12 Nov Tina Turner sues Tribute Act
The Queen of Rock ‘n’ Roll,Tina Turner, is suing a tribute act in Germany for looking too much like her.
The legendary singer’s legal action relates to Dorothea ‘Coco’ Fletcher, a Tina Turner tribute act in her 30s, who performs an unofficial show called Simply The Best. Tina Turner claims Ms Fletcher looks so much like her in promotional posters that fans are likely to mistakenly think Ms Turner is involved in her show’s production.
The lawsuit, which has now reached the German Federal Court is brought against Cofo Entertainment, a German firm that represents Ms Fletcher and other tribute acts including tributes to the Beatles, Elvis Presley and Frank Sinatra.
The posters for the show were changed after Turner was successful at an initial court hearing, when a court in Cologne found that the posters could be misleading to consumers. However, on appeal, the court decided that the risk of confusion did not outweigh Ms Fletcher’s right of artistic expression in relation to the posters. The case is now to be heard in the Federal Court and is expected to proceed early next year.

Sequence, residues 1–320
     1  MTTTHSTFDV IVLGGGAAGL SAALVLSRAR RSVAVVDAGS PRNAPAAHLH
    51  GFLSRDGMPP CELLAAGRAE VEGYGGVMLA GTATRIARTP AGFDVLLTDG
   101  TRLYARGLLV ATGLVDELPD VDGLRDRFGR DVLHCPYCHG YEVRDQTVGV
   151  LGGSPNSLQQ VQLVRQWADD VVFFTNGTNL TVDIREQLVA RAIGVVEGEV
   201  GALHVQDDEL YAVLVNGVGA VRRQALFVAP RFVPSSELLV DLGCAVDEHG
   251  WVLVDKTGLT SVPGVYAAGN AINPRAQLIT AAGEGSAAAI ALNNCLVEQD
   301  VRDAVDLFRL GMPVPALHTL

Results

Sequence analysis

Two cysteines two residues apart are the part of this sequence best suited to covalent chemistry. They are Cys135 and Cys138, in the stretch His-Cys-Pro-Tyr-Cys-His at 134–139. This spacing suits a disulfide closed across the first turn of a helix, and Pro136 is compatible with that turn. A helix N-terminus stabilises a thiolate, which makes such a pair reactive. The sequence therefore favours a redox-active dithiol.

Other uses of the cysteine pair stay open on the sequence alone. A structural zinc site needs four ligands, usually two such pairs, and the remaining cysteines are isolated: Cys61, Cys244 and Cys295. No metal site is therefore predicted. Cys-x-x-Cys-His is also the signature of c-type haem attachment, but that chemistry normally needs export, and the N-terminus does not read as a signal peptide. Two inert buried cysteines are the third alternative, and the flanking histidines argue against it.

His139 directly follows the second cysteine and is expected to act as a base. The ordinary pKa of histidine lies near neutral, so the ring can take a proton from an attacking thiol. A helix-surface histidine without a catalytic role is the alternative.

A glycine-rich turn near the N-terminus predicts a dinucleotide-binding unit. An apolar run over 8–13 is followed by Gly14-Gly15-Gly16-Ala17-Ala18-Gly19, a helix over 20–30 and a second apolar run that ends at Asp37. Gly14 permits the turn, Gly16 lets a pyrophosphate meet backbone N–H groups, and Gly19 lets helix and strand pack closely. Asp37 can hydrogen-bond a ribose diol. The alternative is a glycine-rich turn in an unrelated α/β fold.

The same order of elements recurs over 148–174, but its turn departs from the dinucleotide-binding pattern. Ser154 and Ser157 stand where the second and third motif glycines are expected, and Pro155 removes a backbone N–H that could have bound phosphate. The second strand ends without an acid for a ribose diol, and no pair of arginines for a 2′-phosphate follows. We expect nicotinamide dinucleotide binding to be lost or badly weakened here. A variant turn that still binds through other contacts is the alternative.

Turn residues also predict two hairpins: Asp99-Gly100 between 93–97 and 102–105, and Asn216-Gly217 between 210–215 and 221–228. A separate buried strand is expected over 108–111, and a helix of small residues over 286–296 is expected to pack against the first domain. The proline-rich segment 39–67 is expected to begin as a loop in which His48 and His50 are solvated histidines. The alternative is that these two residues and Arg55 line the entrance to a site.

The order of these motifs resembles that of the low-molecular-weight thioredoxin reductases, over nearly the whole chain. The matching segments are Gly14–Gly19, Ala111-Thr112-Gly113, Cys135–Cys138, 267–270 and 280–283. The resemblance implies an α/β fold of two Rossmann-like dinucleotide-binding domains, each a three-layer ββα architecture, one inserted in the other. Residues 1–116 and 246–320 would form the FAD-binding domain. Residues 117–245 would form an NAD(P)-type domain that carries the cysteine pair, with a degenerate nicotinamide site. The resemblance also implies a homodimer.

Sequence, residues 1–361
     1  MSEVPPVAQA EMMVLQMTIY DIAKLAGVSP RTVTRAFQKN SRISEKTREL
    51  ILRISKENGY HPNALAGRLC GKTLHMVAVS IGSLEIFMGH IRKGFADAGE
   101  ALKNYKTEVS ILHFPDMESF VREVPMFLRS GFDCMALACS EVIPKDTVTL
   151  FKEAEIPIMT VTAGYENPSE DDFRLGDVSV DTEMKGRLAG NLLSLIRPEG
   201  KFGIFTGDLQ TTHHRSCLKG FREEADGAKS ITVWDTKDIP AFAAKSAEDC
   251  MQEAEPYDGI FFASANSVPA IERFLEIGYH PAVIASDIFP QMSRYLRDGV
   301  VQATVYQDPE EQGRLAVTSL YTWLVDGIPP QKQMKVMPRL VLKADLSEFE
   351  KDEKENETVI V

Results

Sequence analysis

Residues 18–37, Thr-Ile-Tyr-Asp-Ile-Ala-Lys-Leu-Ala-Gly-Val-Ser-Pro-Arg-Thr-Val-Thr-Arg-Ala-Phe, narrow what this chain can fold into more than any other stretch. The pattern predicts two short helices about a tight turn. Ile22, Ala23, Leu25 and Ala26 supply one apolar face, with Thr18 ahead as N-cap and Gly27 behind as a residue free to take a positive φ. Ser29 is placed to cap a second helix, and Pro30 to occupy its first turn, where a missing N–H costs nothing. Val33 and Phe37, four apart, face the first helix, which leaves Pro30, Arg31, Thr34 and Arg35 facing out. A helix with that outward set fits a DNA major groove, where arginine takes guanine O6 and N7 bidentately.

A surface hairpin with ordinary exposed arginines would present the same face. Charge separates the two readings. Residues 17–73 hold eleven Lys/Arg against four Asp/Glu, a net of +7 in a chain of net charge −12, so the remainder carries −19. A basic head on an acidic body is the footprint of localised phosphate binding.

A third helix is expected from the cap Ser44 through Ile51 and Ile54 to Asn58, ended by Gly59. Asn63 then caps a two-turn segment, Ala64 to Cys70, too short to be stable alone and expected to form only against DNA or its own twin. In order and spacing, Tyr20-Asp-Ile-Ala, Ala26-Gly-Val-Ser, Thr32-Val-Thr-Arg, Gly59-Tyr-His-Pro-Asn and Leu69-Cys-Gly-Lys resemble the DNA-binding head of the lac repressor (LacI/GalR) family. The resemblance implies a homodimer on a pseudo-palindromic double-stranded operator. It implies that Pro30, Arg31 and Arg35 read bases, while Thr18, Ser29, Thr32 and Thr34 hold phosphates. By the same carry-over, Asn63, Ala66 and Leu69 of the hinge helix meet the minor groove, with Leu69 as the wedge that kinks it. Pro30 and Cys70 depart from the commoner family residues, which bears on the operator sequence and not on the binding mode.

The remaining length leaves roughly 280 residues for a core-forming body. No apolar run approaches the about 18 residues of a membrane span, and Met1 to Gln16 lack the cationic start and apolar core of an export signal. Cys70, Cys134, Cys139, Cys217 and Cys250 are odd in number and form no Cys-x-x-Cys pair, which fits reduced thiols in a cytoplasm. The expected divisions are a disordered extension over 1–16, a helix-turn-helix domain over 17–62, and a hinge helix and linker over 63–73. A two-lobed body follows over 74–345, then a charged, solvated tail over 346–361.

Ms Turner’s argument is that the posters are not ‘art’ but merely advertising, and that Ms Turner should have control of when her name and image are used for commercial purposes. Lawyers for Cofo Entertainment say that consumers would expect a tribute act to look like the real artist and would not be confused. They also say that a ruling against them could threaten the long-standing tribute act industry.
In England & Wales a claim of this nature would need to be brought as a claim in passing off. This is an action which can be brought by someone who has a reputation and goodwill in a brand or product, where someone else deceives the public through a misrepresentation into thinking that their product is part of that brand, or is endorsed by the brand, and which results in loss or damage to the brand.
Rihanna recently brought a passing off claim against Topshop over a T-shirt which featured a photograph of her but was not connected to or endorsed by her. Rihanna, who herself has a merchandising and endorsement brand, successfully argued that consumers would be confused into thinking the T-shirt had been endorsed by her.
In TV production, passing off complaints sometimes arise in connection with programme titles, for example when a title includes words and phrases (including registered trade marks) closely associated with other businesses, without consent.
Normally, the use of such words and phrases in titles is defensible in law because the use is descriptive in nature – they are not being used in a trademark sense ‘in relation to’ goods and services i.e. to denote trade origin.
Nevertheless, legal advice should be sought, particularly when considering using registered trademarks in titles without consent, as complaints can be time-consuming and expensive to deal with, irrespective of whether a legal claim is ultimately brought.